Singapore looking at 'four switches' during energy transition

08 Sep 2021

We refer to the suggestions from Forum writers Seah Ah Kuan (Singapore should do more to import renewable energy, Aug 28) and Wong Bheet Huan (More initiative needed so Singapore can be self-reliant for clean energy, Sept 1) to import renewable energy from other countries and better harness renewable energy.

We agree that Singapore needs to change the way we produce and consume energy. This energy transition will require the "four switches".

First, we have been scaling up the use of available renewable energy sources in Singapore.

Solar photovoltaic systems have been deployed on the rooftops of buildings as well as offshore spaces, reservoirs, walkways and vacant land. We are also testing wind and tidal energy.

Today, Singapore is one of the most solar-dense cities in the world. By 2030, we aim to quintuple the amount of solar energy produced domestically to at least 2 gigawatt-peak (GWp).

Second, we will develop regional power grids to increase access to low-carbon electricity. We intend to start with trials to import 100 megawatts (MW) of electricity from Malaysia, and up to 100 MW under the Lao PDR-Thailand-Malaysia-Singapore Power Integration Project.

These trials will help us develop the technical and regulatory requirements for larger electricity imports, which will allow us to access renewable energy from the region.

This will also help to facilitate the development and deployment of low-carbon solutions in the region.

We are also exploring emerging low-carbon alternatives such as hydrogen as well as carbon capture and utilisation.

While these technologies are nascent, the Government is investing in research and development through programmes such as the $49 million Low Carbon Energy Research Funding Initiative launched last year.

Lastly, natural gas will remain a key fuel source during this transition to ensure that our electricity supply remains reliable and secure.

We will continue to improve the power efficiency of our generation units with incentive schemes such as the Energy Efficiency Grant Call for Power Generation Companies.

The four switches will allow Singapore to diversify our energy sources, improve the sustainability of our power supply, and ensure energy security and affordability.

Consumers can also do their part to conserve energy. Together, we can work towards a more sustainable future.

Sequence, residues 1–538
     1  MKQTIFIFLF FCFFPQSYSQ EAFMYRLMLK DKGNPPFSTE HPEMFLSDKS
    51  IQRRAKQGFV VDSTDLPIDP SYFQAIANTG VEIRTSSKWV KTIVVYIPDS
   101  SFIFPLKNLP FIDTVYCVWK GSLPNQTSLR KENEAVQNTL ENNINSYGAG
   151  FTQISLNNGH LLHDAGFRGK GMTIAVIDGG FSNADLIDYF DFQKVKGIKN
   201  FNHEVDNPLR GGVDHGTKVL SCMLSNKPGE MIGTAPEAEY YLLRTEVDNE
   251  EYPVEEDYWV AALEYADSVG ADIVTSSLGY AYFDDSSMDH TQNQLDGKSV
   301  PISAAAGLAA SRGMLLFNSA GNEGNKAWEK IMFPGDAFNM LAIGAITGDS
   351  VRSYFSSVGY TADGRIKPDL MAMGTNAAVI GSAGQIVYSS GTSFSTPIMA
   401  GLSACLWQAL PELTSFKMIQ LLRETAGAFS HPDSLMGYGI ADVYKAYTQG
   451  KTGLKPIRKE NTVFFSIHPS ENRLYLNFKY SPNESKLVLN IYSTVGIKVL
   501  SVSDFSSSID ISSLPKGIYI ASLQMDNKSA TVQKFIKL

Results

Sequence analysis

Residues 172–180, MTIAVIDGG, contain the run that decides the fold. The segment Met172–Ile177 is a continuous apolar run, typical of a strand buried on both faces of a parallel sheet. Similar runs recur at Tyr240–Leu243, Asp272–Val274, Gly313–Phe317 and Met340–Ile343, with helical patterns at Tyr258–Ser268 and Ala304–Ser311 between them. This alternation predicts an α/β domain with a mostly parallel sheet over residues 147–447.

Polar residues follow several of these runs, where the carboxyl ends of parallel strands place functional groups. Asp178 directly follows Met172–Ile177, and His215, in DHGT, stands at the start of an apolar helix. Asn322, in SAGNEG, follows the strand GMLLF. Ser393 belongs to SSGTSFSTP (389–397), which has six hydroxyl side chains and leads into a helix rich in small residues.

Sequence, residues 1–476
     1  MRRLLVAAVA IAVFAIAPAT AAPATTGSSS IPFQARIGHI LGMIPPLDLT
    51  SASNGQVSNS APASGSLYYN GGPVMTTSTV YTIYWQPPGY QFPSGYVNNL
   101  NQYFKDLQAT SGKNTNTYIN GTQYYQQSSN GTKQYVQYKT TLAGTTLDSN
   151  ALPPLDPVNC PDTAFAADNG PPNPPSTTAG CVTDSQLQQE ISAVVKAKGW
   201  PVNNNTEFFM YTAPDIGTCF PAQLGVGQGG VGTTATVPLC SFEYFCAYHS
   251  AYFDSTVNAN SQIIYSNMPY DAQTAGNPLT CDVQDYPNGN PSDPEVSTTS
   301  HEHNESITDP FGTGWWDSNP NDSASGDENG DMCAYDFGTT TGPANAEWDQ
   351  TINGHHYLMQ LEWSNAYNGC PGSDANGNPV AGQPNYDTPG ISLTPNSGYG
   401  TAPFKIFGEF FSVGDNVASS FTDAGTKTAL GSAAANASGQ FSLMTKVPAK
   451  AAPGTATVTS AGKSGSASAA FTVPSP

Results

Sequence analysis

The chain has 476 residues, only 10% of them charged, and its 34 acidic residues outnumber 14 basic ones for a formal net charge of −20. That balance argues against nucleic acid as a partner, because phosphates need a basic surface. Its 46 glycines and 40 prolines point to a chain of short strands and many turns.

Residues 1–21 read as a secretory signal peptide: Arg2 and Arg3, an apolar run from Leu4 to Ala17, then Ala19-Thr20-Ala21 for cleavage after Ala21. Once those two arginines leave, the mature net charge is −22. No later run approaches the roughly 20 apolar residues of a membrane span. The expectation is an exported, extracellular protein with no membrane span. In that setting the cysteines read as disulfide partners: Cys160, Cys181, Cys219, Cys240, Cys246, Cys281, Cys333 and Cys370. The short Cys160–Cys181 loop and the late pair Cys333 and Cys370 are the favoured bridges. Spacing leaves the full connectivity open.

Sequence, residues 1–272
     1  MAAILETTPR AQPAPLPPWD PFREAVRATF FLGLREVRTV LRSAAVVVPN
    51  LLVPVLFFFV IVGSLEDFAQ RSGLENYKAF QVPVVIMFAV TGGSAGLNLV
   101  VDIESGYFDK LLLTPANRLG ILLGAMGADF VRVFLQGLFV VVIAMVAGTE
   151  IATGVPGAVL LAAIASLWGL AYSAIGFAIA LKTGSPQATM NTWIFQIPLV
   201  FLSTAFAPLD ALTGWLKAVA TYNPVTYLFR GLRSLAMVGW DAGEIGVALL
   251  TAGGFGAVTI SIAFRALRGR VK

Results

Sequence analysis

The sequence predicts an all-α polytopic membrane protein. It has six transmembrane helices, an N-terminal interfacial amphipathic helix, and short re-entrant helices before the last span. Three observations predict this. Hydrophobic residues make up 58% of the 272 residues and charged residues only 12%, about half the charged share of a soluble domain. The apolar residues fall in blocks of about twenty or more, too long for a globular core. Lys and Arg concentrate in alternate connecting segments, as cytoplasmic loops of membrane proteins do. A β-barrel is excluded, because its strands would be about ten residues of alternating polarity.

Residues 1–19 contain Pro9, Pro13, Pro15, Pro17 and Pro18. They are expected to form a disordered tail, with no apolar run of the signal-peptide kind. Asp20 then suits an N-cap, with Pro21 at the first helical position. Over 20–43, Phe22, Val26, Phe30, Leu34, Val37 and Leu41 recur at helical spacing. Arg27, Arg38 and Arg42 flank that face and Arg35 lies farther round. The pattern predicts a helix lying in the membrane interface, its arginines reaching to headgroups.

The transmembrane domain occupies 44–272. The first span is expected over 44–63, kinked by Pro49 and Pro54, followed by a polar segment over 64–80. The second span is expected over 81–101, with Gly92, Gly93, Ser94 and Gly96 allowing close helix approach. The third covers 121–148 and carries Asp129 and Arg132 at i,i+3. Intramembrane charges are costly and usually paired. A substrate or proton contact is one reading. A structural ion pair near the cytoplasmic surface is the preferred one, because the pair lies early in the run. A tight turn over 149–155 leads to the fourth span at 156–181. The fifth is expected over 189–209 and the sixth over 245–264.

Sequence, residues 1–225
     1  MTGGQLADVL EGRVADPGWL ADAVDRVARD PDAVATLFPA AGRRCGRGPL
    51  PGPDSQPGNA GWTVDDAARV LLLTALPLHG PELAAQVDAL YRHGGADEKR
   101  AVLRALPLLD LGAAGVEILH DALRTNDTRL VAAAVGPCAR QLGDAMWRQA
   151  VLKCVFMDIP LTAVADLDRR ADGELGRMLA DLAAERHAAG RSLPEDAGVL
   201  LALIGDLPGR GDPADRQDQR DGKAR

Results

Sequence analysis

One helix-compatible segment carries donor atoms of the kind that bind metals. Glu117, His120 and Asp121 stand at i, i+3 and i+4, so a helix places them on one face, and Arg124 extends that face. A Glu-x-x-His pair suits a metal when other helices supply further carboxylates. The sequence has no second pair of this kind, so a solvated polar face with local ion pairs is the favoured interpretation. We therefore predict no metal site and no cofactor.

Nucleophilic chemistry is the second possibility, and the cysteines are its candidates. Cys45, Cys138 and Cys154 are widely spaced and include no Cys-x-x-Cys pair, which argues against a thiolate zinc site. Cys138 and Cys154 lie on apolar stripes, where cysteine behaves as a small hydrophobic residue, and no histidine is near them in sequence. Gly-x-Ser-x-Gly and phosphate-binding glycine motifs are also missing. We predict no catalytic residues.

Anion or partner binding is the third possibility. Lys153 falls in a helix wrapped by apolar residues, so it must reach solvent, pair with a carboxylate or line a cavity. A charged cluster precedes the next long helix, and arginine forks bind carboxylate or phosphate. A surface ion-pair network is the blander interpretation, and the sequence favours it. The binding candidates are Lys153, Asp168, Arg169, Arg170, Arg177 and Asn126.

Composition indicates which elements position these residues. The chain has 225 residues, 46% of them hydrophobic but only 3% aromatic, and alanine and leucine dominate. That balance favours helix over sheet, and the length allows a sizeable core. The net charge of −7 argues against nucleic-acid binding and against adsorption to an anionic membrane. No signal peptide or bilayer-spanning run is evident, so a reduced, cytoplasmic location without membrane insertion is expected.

Darryl Chan
Policy and Planning Department
Energy Technology and Data Department
Energy Market Authority

Singapore should do more to import renewable energy (28 August 2021)
By Seah Ah Kuan

In his commentary, Associate Professor Winston Chow said society must act now to mitigate the worsening effects of climate change (We're in a climate casino. Here's how to fight against the odds, Aug 25).

The associate professor of science, technology and society at Singapore Management University said that action needed to improve the climate odds can be tackled on three fronts. First, governments need clear, quantifiable science-based plans to cap and reduce emissions to net-zero as soon as possible. Second, individuals cannot be apathetic. Third, businesses must act urgently to account for net-zero emissions in their operations.

While he lauds Singapore for having initiated the country's Green Plan 2030, he said this "still falls far short of net-zero by 2050", a goal most countries have aimed for.

I believe Singapore should more than redouble its efforts now to aim to achieve this goal. We have fewer than 30 years.

Foremost, 95 per cent of our electricity relies on imported natural gas, which must be the biggest source of the country's greenhouse gas emissions.

Simply put, we have limited space to generate renewable energy on our own, wind or solar.

We must initiate plans now to generate and import renewable energy, in cooperation with our neighbouring countries, or even at an Asean level.

Let's act now and not wait for Green Plan 2050.


More initiative needed so Singapore can be self-reliant for clean energy (1 September 2021)
By Wong Bheet Huan

I refer to Forum writer Seah Ah Kuan's proposal to import renewable energy from neighbouring countries to help Singapore achieve net-zero emissions by 2050 (Singapore should do more to import renewable energy, Aug 28).

Indeed, Mr Seah is thinking out of the box and has raised a stark reminder of how little time we have left to find a solution.

But we need to make wise choices about whom to buy energy from, and remember that relations between countries can change. There are some examples to illustrate my point:

  • About 40 per cent of European Union imports of natural gas come from Russia, but with the occasional geopolitical rows between the two, there is an uneasy reliance on this supply.
  • In Africa, the control of the Nile for hydroelectric plants has always been a source of unending dispute between the neighbouring states.
  • In Singapore, the issue of our water supply from Malaysia also crops up from time to time.

Mr Seah has highlighted the necessity of going offshore to develop Singapore's future clean energy supply.

I wonder if our planners have studied the possibility of wind or solar farms on our islands like Pulau Tekong, Pulau Ubin and St John's Island. We could also consider offshore large-capacity wind turbine farms.

We should be proud of ourselves for creating alternative sources of water over the years to reduce our reliance on imported water, and for our consistent conservation efforts.

We should use similar initiative to achieve our clean energy independence goal.

Back to Top